WikiAfrica Education initiative teaches South African students to decolonise the internet with Wikipedia

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“I’m editing the page for the star Proxima Centauri. It’s missing something about the planet Proxima b, so I should fix it”. These are the words of 12-year-old Michael—surprisingly confident for someone contributing to Wikipedia for the first time.

“Have you found a reference for it?,” asked a Wikimedia volunteer editor, to which Michael replied with his own question: “What do you mean?” That kicked off a learning session with Michael, his teachers, and the editor, who used the opportunity to educate Michael about the importance of making sure he was citing information from reliable, published sources.

This was just one of many positive interactions at #Afrocreation, a day of storytelling and learning held last October in Johannesburg, South Africa, as part of the larger WikiAfrica Education initiative. Over 50 teachers and 20 students participated in the an edit-a-thon-style event by contributing to Wikipedia for the first time and discussing ways to bring it into the classroom.

#Afrocreation was held at the Sci-Bono Discovery Centre, a science museum, and was organised by the Moleskine Foundation, an education non-profit that has been promoting Wikimedia-related projects—especially those in Africa—since 2006. We did this in partnership with BRIDGE, a teacher development network, and Wikimedia ZA, an independent local chapter focused on expanding the Wikimedia movement in South Africa.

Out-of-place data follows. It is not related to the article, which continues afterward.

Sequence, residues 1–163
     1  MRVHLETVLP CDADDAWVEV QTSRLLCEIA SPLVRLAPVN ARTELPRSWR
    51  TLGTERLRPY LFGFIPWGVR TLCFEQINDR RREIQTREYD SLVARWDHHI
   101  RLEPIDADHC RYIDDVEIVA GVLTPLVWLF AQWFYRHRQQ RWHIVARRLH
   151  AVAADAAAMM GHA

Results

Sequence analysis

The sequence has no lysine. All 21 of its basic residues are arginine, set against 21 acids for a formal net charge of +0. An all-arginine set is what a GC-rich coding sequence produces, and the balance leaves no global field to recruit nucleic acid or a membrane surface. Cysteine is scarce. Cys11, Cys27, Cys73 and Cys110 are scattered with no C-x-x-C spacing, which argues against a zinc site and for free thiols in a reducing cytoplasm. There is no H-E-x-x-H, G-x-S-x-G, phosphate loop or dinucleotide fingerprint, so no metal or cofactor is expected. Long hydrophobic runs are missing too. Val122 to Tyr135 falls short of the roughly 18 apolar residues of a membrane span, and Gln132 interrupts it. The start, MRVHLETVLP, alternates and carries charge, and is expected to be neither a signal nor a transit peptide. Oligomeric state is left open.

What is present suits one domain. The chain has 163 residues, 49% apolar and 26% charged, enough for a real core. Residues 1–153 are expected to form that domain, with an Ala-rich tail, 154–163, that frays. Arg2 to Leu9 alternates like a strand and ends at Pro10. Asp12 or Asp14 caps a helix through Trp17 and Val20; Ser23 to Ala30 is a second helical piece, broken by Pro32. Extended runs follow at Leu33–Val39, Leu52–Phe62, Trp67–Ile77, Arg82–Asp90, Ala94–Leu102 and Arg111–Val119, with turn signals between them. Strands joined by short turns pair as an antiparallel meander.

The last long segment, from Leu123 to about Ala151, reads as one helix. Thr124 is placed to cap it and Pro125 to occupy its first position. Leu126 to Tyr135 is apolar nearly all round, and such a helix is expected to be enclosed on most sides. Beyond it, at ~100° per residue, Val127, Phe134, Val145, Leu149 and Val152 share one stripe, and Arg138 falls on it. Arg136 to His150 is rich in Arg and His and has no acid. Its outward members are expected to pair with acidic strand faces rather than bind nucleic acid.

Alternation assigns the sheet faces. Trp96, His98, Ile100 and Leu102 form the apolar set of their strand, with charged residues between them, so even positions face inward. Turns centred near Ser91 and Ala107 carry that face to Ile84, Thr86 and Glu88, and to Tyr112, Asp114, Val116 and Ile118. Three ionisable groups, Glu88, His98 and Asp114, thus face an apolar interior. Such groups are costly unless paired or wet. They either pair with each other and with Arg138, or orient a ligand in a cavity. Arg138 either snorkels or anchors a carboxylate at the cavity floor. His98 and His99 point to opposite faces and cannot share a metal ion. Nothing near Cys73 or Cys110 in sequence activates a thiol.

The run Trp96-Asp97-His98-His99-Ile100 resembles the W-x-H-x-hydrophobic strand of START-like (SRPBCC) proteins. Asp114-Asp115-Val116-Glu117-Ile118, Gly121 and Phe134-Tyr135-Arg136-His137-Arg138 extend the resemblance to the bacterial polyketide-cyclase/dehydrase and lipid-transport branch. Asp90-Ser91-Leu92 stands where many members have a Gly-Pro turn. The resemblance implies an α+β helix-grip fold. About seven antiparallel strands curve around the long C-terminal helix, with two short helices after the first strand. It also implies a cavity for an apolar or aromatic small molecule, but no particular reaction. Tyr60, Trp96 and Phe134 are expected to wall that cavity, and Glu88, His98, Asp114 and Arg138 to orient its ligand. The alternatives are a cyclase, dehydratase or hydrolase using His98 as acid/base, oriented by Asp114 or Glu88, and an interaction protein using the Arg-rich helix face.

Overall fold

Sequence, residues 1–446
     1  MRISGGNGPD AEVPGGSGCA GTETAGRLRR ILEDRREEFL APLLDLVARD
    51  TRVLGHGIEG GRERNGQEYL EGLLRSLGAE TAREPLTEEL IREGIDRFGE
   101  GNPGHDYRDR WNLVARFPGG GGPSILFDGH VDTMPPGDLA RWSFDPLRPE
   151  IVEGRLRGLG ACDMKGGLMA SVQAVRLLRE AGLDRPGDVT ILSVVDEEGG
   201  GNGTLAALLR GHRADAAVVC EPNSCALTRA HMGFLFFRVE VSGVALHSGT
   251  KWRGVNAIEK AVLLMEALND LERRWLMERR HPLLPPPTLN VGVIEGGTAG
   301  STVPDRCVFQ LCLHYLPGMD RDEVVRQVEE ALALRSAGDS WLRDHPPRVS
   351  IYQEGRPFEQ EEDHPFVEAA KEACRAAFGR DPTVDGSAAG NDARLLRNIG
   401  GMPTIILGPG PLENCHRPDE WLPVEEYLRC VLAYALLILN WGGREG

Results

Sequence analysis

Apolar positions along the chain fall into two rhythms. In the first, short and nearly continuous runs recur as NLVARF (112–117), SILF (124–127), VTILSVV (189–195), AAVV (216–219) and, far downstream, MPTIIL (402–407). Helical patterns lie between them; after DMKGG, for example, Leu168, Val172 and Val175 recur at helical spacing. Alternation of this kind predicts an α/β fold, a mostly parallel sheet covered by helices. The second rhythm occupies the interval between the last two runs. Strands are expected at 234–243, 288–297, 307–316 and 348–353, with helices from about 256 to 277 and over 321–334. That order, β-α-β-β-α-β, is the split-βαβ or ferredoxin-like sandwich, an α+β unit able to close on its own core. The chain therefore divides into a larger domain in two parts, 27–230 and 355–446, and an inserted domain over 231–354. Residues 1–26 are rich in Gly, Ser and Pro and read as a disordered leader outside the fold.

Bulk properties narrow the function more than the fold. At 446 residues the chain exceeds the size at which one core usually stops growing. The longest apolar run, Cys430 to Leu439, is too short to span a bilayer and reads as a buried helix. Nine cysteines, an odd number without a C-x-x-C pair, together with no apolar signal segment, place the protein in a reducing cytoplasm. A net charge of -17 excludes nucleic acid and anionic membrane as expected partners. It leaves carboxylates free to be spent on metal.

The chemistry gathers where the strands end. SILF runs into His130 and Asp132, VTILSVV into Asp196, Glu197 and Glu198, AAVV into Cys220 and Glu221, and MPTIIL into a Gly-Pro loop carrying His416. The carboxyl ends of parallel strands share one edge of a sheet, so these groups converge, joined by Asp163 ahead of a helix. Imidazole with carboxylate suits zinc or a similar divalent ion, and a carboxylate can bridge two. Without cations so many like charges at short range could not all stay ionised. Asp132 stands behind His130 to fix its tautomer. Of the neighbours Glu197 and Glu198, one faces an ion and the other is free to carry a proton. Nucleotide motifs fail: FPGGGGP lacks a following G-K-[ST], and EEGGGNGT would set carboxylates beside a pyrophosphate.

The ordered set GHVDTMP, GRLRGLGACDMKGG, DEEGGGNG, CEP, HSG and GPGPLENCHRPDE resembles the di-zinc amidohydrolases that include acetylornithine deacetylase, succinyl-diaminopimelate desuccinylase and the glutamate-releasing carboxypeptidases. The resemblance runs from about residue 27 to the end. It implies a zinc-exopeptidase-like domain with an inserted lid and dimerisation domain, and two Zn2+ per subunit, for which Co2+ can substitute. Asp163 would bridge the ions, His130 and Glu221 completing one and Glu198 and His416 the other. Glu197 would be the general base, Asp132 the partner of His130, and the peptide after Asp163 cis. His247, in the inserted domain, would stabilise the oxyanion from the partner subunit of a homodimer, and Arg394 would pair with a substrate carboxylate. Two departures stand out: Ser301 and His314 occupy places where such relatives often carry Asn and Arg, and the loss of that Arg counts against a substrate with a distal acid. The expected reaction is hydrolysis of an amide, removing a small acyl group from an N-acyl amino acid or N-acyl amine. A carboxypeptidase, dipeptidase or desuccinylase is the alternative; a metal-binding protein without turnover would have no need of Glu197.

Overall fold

Bobby Shabangu and Dumisani Ndubane, two of the leading Wikimedia editors in the Isiswati and Xitsonga languages (respectively), led participants in learning how to create their own pages, empowering them to share knowledge on subjects ranging from their favourite South African author to their local township.

After the event, Lorenzo Newman, the Moleskine Foundation’s program manager, sat down to chat with Bobby and Berkia Banda, the principal of the African School for Excellence. Their answers have been minimally edited for clarity.


Lorenzo: What Wikimedia page did you produce today?

Bobby: Today I found time to create content myself. I created a page about the place that was hosting us, the Sci-Bono Center.  It was just one line, but I wanted to show participants how to create a page on Wikipedia.

Berkia: I created a page for the elementary school I attended. It was easy!

Lorenzo: What makes you think young people in South Africa should be contributing to Wikimedia?